I love the color, the locations, and the slice-of-life depicted in This Happy Breed. David Lean is so good with faces. He always strikes just the right tone. Each film is different, and he finds the right tone for each of them.
    Most of you want to see how Great Expectations, Oliver Twist and Hobson's Choice look on Blu-ray, but I'm more interested in the David Lean films that haven't been released at all in the USA. The Passionate Friends (1949), Madeleine (1950) and Breaking the Sound Barrier (1952) are long, long, long overdue. The British DVDs are okay, even at the higher PAL pitch, and the films are no less great than the titles collected in this box-set.
     
  6. John Morgan

    John Morgan Well-Known Member

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    Wasn't SUDAN (1945), a Universal film filmed here and the last of the Montez/Hall TechniColor specialties?
    Great overview of these great British films. I look forward to seeing them.
     
  7. Robert Harris

    Robert Harris Archivist
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    Universal back lot and Mexico.

    RAH
     
  8. SeanAx

    SeanAx Well-Known Member

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    I watched all four films in the set, two of them my very first time seeing them. "Blithe Spirit" is the least of the films, and perhaps a less-than-perfect match between director and material, but it's a perfectly snappy and witty production and I call it "the least" in comparison to the great ambition and depth of the other four films. Watching them in order, however, offers a front-row seat to David Lean's growth as an intelligent, talented, driven director proving himself to the industry to (in "Brief Encounter") an expressive artist in his own right, reshaping the raw material of a Noel Coward one-act play into a David Lean film, defined by Lean's sensibility and as expressive a portrayal of the pain of a love affair beset by guilt and self-recrimination and the inevitable end before it has really begun. What I love so much about watching this progression is seeing the other side of the portrait of British restraint and self-sacrifice that is so admirable in the first films, which becomes in "Brief Encounter" an obstacle to expressing their yearning and desire for something more. There is nothing with that depth of emotion and disappointment in the earlier films.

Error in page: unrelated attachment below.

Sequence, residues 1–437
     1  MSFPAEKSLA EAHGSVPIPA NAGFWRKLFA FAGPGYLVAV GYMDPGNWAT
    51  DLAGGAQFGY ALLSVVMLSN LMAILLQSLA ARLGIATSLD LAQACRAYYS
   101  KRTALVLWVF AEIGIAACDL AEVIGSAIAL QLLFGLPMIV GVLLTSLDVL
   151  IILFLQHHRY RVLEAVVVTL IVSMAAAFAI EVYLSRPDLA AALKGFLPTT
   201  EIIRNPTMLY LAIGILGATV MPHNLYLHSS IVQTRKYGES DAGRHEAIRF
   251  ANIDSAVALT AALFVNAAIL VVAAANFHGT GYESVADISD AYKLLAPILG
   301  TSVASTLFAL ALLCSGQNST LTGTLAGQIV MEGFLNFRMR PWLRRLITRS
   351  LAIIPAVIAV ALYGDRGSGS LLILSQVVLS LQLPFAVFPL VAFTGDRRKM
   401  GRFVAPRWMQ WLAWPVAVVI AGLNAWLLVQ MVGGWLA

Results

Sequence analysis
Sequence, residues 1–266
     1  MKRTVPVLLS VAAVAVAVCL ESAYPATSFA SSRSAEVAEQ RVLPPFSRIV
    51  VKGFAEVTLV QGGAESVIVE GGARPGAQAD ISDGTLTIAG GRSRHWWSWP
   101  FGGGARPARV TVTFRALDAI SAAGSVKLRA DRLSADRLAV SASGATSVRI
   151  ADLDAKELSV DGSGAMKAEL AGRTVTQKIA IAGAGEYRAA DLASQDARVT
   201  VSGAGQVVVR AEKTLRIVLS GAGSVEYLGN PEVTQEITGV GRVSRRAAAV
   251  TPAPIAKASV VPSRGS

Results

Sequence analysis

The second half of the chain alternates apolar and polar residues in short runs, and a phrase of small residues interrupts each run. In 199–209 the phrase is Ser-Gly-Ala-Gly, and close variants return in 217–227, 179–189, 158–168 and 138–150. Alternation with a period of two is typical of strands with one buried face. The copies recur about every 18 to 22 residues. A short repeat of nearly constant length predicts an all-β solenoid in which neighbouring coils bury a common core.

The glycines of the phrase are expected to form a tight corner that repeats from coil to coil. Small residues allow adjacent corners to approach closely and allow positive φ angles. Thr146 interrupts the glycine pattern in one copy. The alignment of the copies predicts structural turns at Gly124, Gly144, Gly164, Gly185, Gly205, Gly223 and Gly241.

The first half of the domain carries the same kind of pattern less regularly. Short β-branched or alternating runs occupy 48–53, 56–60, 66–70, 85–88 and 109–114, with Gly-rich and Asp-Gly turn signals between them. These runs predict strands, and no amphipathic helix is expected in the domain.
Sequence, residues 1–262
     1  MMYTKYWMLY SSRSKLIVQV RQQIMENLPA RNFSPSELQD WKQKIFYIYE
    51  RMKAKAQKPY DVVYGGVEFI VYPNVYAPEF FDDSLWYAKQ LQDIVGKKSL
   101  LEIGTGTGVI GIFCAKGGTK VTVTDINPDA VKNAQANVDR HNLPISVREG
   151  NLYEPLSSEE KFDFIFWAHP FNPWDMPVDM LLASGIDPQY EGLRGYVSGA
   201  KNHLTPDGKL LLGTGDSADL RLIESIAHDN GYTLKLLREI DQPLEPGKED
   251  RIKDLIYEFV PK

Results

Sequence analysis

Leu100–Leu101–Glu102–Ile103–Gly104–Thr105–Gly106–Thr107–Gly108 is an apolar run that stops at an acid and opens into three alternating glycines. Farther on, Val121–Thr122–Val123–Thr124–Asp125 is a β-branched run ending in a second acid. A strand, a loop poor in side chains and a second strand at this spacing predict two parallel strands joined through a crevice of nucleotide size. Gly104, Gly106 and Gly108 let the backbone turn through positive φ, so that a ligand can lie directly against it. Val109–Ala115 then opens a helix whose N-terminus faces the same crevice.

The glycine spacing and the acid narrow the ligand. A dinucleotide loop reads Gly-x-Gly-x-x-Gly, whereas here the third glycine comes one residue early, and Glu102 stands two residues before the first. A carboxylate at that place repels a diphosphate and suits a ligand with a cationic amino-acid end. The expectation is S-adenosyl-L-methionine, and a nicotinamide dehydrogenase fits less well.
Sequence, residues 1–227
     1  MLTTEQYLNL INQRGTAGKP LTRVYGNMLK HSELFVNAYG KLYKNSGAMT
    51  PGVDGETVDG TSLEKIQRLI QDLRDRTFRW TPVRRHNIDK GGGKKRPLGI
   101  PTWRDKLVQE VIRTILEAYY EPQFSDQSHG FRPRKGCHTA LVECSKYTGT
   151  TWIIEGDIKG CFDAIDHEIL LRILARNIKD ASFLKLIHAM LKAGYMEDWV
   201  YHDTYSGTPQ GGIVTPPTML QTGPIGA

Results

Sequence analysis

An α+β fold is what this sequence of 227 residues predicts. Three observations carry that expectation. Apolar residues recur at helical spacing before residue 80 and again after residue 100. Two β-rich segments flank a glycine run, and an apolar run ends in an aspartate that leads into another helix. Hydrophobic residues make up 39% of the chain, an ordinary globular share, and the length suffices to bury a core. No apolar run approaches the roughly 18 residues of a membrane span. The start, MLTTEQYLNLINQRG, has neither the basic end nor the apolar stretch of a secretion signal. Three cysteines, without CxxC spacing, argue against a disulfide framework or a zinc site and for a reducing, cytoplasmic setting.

The films are beautifully mastered, of course, but as a set it is even greater than the sum of its parts. This is the birth and development of a director who becomes one of the great British filmmakers over the course of this unique collaboration.